Renting to Relatives: What Every Las Vegas Landlord Needs to Know - Article Banner

Uncle Pete needs a place to live, and everyone in the family is looking at you because they know you have rental properties. 

How will you respond in such a situation? 

We would like to caution you: renting out a property to a family member or a friend can be a risky business. 

As property managers in Las Vegas, we generally don’t recommend it. Lines can get blurred between the personal and the professional, and it can be difficult to set boundaries with someone you see at Sunday dinner. 

While we don’t love the idea, we know that sometimes it’s inevitable – you’ll rent your property to a person you are related to. Or, maybe a friend who feels like family. 

The important thing to remember is this: you’re running a business. And, you need to protect yourself. 

If you’re going to allow a family member or a friend to move into your rental property, make sure you’re working with a Las Vegas property management company. Professional management is always a benefit to landlords, but in a situation like this, it’s absolutely essential. You’ll need an objective party managing the day to day business so you don’t have to.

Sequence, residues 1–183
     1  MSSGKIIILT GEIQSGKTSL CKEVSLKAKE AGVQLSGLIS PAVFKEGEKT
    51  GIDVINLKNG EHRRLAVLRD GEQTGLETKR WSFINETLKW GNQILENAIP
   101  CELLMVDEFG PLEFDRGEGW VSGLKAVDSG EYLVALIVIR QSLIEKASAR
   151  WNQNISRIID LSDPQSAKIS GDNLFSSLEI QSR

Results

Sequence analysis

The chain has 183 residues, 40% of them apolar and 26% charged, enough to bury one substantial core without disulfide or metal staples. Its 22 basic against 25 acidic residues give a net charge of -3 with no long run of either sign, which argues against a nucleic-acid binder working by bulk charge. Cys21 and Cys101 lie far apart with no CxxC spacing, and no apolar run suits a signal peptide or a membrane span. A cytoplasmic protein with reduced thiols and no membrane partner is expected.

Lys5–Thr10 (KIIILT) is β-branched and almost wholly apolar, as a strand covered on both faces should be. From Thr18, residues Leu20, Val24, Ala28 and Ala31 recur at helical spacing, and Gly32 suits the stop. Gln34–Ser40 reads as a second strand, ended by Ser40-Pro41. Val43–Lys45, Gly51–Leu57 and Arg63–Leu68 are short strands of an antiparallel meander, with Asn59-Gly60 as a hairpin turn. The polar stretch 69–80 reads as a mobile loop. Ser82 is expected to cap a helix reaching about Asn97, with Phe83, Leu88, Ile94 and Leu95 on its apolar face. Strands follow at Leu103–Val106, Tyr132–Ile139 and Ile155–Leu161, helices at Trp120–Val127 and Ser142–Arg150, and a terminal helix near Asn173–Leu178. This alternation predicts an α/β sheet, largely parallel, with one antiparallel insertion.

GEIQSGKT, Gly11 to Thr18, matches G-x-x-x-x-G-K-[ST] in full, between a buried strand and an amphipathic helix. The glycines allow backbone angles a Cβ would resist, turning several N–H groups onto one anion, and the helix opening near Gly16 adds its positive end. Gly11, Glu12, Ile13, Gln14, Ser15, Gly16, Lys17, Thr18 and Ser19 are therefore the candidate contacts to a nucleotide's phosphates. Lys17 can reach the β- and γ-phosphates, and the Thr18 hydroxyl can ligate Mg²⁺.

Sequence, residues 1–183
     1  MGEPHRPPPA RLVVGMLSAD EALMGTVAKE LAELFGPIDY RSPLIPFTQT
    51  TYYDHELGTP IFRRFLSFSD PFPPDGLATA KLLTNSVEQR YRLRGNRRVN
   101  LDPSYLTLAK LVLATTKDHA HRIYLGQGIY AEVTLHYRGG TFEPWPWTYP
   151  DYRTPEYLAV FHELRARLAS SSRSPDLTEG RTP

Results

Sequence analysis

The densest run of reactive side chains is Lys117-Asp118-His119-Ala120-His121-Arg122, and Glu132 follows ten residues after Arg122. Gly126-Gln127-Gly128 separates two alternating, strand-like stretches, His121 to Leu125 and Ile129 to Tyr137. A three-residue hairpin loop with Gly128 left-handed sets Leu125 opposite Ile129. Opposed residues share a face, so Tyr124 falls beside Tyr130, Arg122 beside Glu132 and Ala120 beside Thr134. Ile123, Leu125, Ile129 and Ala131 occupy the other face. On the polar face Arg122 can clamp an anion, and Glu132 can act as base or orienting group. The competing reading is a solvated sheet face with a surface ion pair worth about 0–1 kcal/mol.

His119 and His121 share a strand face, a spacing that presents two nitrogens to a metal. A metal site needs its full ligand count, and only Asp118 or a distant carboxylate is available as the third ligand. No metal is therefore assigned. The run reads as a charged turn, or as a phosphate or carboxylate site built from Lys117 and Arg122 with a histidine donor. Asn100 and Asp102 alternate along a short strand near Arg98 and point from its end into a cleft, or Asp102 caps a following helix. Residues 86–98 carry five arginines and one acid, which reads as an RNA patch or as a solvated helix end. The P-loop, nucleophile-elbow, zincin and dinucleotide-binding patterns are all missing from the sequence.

Let’s take a look at some of the risks that exist when you rent to a relative, and what you can do to avoid them. 

What Will You Charge Your Relative in Rent?

Las Vegas rents have risen recently, and when you’re renting out a home to a family member, you may feel pressured to give them a good deal. That’s hard to swallow when you find yourself in a thriving rental market, where you should be earning a comfortable rent. 

Keeping rents artificially low just because you know your tenant will cost you a lot. 

When you give your relatives too good of a deal, you’ll be left losing money. The rent you earn every month will be far below the market. You’ll never get your family member or friend out of your unit when they get comfortable paying your lower-than-market rents. Anywhere else they moved would require a much higher rental rate, and why would they want to pay that? This keeps you stuck, and you’ll never make up the money you lose with below-market rental values.